Directed by Joe Wright (Pride and Prejudice, Darkest Hour), The Woman in the Window is a pretentious botch. It wants to be a serious psychological drama and a silly slasher mystery at the same time, but by trying to combine the two, it miserably fails at both. Amy Adams plays the main character Anna Fox, who is agoraphobic and so afraid of leaving her own home. When new neighbours move in across the street, she begins to watch them from her window and believes she sees a horrific act of violence.
The film is entirely from Anna’s perspective. So naturally, this and the setup suggests the film will deal with the blurring of reality due to the effects of isolation. However, this is not the case. Anna gets regular human contact with her tenant who lives in the basement. The question of what is real and what is not isn’t psychologically caused, instead it’s predominantly due to the lame contrivance of medication combined with alcohol.
The film never sits still, so you aren’t able to acclimatise to the reality of agoraphobia
There are some cinematic flourishes that make the most of Anna’s subjective POV, but overall the presentation is tonally misplaced. The film is edited at breakneck speed, as if Anna’s solitary life is comparable to the life of an action hero. The film never sits still, so you aren’t able to acclimatise to the reality of agoraphobia. Why anyone would edit this film, like this, is mindboggling. The film is clearly a compromised vision, so it is no surprise to learn it went through a turbulent postproduction being re-edited after bad test screenings.
The only emotions I experienced were boredom and mild irritation
The editing is completely void of confidence; it is desperate to keep its audience hooked through fast cuts and a painful score by Danny Elfman. Elfman’s score is the most generic post Dark Knight fodder I think I’ve ever heard outside of amateur imitations on YouTube. The postproduction hack job has resulted in a film which is cheap emotional manipulation of the finest order. The only emotions I experienced were boredom and mild irritation.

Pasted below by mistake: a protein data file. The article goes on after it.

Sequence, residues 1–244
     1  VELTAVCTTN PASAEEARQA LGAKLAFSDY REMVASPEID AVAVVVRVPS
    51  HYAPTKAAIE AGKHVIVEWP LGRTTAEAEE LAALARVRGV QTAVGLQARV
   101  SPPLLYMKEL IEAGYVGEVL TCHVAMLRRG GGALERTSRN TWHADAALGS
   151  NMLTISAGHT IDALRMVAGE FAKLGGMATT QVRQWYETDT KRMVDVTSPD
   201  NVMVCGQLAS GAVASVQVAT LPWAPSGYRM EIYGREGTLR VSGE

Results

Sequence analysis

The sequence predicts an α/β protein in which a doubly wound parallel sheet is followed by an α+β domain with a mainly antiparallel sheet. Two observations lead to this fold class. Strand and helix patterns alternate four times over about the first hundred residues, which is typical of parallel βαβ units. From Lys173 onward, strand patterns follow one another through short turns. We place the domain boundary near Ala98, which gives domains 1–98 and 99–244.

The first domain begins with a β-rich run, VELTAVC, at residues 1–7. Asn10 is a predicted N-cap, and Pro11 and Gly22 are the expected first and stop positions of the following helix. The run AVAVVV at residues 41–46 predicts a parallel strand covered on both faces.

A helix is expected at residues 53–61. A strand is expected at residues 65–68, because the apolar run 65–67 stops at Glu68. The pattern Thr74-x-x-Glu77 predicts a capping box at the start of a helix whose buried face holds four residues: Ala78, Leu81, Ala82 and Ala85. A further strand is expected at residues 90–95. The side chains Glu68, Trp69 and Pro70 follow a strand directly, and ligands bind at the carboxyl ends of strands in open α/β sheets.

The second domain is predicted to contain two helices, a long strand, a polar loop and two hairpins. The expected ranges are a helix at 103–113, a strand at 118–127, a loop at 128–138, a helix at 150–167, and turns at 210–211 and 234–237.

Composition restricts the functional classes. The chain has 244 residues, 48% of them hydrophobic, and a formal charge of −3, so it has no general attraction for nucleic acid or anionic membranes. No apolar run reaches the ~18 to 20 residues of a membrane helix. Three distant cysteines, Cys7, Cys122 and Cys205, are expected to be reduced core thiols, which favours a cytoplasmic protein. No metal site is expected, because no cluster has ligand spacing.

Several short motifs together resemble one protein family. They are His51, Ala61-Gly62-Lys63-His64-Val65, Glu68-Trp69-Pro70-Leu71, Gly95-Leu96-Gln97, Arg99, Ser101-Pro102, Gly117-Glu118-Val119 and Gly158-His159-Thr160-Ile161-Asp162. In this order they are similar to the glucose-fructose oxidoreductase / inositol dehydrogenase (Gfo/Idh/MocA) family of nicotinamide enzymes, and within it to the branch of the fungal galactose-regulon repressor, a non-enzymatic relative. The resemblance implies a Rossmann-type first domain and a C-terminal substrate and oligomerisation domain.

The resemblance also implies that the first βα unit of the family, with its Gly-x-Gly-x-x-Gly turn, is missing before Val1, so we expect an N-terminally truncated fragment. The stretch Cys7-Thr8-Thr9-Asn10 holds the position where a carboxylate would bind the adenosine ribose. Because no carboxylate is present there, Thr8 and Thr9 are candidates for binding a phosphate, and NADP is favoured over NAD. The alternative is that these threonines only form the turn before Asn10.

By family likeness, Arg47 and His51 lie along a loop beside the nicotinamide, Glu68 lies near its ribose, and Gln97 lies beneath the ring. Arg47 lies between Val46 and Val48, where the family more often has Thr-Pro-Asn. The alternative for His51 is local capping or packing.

The main cause of this irritation was the dialogue. It is constantly sarcastic and overly dramatic. It isn’t just a problem for one character; it’s a problem for every character. Almost all the dialogue scenes are nauseating slogs; every character is constantly backchatting with arrogant quips. The dialogue prevents any of the characters being likable, everyone just comes off as constantly abrasive. The script completely lacks subtlety and so no one ever feels like a real person.
Almost the entire film takes place within Anna’s swanky house in New York, but unfortunately the lacklustre characterisation extends to the set design. Unfortunately, the house falls into the trap of looking like an Ikea showroom rather than a real place. It’s design is all surface; nothing about is particularly specific to Anna. However, Anna herself is poorly defined beyond basic facts, so in fairness to the set design, it didn’t have much to work with.
The third act fails to explore Anna’s psychology
Before the third act, I was naively optimistic the film could somewhat salvage itself. The third act had the opportunity to explore Anna’s search for emotional resolve to regain a sense of reality and truth. But just like the rest of the film, the third act fails to explore Anna’s psychology. The ending completely strips the film of any ambiguity. All its questions of reality are nicely solved and wrapped up with a bow. The final moments of the film are so contrived, so easy and so emotionally simplistic it is actually shocking.
There is no doubt that somewhere within The Woman in the Window there is a good film. Whether the film was good before the re-edits is highly unlikely, but within the very basic idea there is potential. The film frustratingly flirts with this potential , but never goes far enough in one direction. So ultimately, in its final form, it is a very bad murder mystery. It has no suspense, no genuine drama, just annoying characters and emotional platitudes.
In-article images courtesy of @womaninthewindow via instagram.com. No changes made to these images.
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